METHOD AND SYSTEM FOR MINIMIZING OPERATOR INTERVENTION IN MODALITY WORKLIST MANAGEMENT
Publication Date: 2004-Nov-10
The IP.com Prior Art Database
The present invention is directed towards a system and a method for managing the modality worklist in medical diagnostic and imaging systems. The system includes a modality, a modality worklist server, a HIS/RIS server and a database system. The HIS/RIS server is queried by the modality worklist server for schedule of patients. Scanning protocol corresponding to schedule of each patient is identified by the modality worklist server by utilizing the protocol mappings stored in the database system. The identified scanning protocol is transferred to the modality for scanning purposes. The system automatically selects the scan protocol corresponding to a patient schedule thereby preventing the possibility of human errors.
MEthod and system for minimizing operator intervention in
Modality worklists management
Field of the Invention
 The present invention relates to the field of medical diagnostic and imaging systems. More specifically, the invention relates to modality worklist management in medical diagnostic and imaging systems.
BACKGROUND OF THE INVENTION
 There are a number of well known non-invasive imaging techniques for the diagnosis and treatment of patients. These techniques are used to obtain high-quality images of the human anatomic structure. The images are obtained using scanners that are based on multiple facets of medical imaging technology. These images provide useful diagnostic information for treating medical ailments.
 Currently, a number of member technologies (a.k.a. modalities) exist for medical diagnostic and imaging systems. These systems include, without limitation, computed tomography (CT), X-ray, magnetic resonance (MR), positron emission tomography (PET), ultrasound, and nuclear medicine. When a patient’s anatomical structure, or a limb thereof, is scanned using technology from one of these modalities, that portion of the patient's anatomy is imaged. The resulting anatomic image can be stored in an imaging database for later use.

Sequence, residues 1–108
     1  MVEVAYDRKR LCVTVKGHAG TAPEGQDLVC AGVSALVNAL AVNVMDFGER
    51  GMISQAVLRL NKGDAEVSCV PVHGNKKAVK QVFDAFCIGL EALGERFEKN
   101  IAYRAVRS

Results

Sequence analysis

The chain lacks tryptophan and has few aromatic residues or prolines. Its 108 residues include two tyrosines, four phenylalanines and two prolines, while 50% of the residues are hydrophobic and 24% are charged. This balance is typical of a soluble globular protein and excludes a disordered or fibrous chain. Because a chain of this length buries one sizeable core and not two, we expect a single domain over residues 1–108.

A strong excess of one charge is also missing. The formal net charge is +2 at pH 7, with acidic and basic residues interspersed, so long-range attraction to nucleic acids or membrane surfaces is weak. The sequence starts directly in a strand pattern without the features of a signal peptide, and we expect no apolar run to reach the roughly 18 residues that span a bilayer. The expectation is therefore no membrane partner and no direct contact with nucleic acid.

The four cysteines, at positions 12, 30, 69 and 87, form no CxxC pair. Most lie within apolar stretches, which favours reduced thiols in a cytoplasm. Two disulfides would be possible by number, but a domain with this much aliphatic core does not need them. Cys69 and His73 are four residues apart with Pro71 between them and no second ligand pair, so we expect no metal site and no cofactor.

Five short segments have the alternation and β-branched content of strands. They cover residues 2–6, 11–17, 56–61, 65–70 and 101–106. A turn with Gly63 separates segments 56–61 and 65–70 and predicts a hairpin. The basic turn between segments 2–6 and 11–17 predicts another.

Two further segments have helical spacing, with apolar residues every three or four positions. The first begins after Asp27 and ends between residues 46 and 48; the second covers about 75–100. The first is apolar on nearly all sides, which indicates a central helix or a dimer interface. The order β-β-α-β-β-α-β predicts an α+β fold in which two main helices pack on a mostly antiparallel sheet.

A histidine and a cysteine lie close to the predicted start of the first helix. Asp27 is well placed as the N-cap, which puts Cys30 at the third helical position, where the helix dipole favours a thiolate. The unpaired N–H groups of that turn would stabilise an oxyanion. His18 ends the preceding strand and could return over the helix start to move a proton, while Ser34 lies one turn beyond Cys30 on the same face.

In addition to storing images internally, the imaging systems need to be able to transfer images to various types of remote devices via communication networks. This requires that the data transferred by the imaging system be in a format, which is supported by the destination remote device. This is achieved by application layer standards such as DICOM (Digital Imaging and Communications in Medicine).
 The DICOM standard is intended for use in communicating medical digital images among printers, workstations, scanners (i.e., CT-scanner, MRI scanner, PET scanner) and file servers. The DICOM standard facilitates communication of digital images of different types such as X-ray, CT, MR, and ultrasound images. The technology of each modality is programmed to transfer data in a format, which complies with the DICOM standard. Similarly, the destination remote device is programmed to receive data, which complies with the DICOM standard.
 The fundamental concept employed in DICOM is "Services on Objects". One example of an "Object" is an ultrasound image. Examples of a "Service" are the "Store" and "Query/Retrieve" functions. In DICOM, methods of operating on information objects are referred to as "Service Object Pair Classes" (SOP Classes). Examples of SOP Classes are "Store an ultrasound image", "Print an ultrasound image", "Find which studies there are for a certain patient", "Retrieve all studies of a certain patient" and "Retrieve a worklist".
 The DICOM communication system is based on a client-server architecture that uses the above-described concept. The device using a service (on objects) is the client device, while the device providing the service is the server dev...